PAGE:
Bienvenidos Cory Duclos, Assistant Professor of Spanish

Tue, 08/20/2013 - 12:45pm
image upload by lreese

Dr. Cory Duclos joins the Spring Hill College faculty this month as an assistant professor in the languages department. Duclos received his Ph.D. from Vanderbilt University in Nashville, Tenn., and specializes in Spanish language and literature, as well as oral communication, composition, and social media.
 

His research focuses primarily on early modern Spanish literature, but his interests include literature from England, the United States, Chile, and Brazil. Duclos spent time living in Santiago, Chile, and has traveled to other Spanish speaking countries, assisting in the direction of a study abroad program for undergraduates in Spain. He is actively engaged in digital humanities and the use of technology to enhance teaching and research.

 

SHC:  How you feel about joining the Spring Hill College faculty and working with the students here?

CD: I'm very excited to be a part of Spring Hill College. I have been impressed with the sense of community here and I look forward to working with students.

SHC:  Why is SHC a good fit for you?

CD: I've always preferred to work within small departments and institutions. I am interested in finding ways to work across disciplines with colleagues in other departments, and SHC offers great opportunities to foster this kind of collaboration. I am convinced that students benefit most from learning how to connect the material from one class with that of another.

SHC:  What are you most excited about?

CD: I am really excited to meet students. I am interested to hear about their individual aspirations and find ways to help them achieve them. I'm also really looking forward to a crawfish boil!

 SHC: What are your goals for the program?

CD: I want to find new ways to get upper-level Spanish students engaged with the real world in ways that improve their language skills while helping prepare them to enter the professional world. I plan to integrate community-based learning into my courses to help students interact with the local Hispanic population. At the same time, using technology in the classroom opens the door to communicate with native speakers around the globe.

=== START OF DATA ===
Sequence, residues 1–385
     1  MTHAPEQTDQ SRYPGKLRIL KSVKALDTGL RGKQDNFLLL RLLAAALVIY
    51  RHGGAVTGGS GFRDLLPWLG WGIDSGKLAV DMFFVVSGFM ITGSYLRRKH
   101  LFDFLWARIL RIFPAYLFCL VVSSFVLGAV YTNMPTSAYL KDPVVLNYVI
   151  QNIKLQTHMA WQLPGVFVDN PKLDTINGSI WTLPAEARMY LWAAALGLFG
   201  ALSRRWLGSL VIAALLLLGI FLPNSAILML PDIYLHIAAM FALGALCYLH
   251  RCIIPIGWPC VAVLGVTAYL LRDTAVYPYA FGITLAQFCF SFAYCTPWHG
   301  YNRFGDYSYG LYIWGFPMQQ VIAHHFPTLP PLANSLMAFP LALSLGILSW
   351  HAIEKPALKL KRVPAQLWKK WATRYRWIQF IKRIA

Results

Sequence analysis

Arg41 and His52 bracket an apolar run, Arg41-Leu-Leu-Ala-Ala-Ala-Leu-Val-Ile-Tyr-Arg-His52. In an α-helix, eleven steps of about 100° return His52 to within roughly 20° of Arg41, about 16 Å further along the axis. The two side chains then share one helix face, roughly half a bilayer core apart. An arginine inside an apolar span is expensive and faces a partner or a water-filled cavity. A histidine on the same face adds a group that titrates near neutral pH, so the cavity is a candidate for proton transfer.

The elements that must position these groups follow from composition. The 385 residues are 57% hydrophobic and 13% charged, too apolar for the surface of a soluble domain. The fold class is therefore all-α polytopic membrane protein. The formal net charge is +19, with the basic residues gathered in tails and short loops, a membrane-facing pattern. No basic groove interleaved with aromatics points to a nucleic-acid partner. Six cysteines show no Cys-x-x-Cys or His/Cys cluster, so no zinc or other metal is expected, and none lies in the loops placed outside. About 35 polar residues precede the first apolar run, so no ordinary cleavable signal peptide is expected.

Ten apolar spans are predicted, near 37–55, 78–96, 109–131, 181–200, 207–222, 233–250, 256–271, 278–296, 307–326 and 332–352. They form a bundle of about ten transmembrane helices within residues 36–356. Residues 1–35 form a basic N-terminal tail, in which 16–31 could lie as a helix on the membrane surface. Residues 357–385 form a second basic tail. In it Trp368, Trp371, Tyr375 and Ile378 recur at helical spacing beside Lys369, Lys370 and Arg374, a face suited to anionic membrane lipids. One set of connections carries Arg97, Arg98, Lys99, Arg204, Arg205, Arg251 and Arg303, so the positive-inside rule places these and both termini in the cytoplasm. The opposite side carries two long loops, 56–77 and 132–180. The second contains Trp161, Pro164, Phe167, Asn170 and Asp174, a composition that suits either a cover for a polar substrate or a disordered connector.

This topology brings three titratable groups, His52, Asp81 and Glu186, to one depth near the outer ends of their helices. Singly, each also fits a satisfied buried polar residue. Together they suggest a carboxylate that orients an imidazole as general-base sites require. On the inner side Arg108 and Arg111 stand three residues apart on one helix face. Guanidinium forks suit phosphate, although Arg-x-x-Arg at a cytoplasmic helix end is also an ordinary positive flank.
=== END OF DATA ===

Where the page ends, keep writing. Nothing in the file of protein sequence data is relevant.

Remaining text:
I also think it's important to help students in the beginning-level classes learn to appreciate the importance of learning a foreign language. I know that taking a required language class may not appeal to everyone, but I hope to teach others the value of learning to communicate in another language. While I'd like all of my students to foster a love for Spanish in the future, I would at least hope they come away from these basic classes with a greater appreciation of other cultures.

 

Duclos’ publishing credits include “Scouting out Windmills:  Don Quixote in Boy’s Life,” to be released in the fall 2013 issue of Cervantes, and “Higher Education:  Pedagogy and Disobedient Subversion in Shakespeare’s The Taming of the Shrew and Lope de Vega’s La dama boba” in Miríada Hispánica.

Most recently, Duclos has made presentations at the Newberry Library Center for Renaissance Studies, the Robert Penn Warren Center for the Humanities, and the Vanderbilt Center for Second Language Studies.